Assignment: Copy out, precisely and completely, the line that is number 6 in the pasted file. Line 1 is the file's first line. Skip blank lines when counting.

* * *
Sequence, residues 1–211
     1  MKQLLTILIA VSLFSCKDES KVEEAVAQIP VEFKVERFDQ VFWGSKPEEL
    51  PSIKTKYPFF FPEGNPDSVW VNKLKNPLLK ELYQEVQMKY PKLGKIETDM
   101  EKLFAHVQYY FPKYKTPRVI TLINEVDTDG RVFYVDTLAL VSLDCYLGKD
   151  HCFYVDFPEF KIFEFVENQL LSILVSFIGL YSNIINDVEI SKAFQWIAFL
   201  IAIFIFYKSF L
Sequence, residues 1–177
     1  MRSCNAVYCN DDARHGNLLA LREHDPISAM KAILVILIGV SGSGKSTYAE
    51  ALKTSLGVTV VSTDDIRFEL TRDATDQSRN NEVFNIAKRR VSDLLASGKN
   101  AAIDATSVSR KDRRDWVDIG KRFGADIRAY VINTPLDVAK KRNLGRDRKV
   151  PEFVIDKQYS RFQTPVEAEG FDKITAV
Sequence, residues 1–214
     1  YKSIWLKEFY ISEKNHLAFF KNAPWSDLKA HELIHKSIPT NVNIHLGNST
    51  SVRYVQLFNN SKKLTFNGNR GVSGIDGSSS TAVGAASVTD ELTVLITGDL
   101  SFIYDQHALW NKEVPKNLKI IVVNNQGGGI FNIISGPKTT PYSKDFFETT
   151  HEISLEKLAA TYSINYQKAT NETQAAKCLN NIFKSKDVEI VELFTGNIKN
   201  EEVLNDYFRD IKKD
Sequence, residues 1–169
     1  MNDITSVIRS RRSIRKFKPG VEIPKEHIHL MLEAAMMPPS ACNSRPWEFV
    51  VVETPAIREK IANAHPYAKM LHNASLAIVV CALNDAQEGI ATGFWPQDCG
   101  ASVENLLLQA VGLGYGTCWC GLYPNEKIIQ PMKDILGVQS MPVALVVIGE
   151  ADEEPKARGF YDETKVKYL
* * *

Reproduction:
   201  IAIFIFYKSF L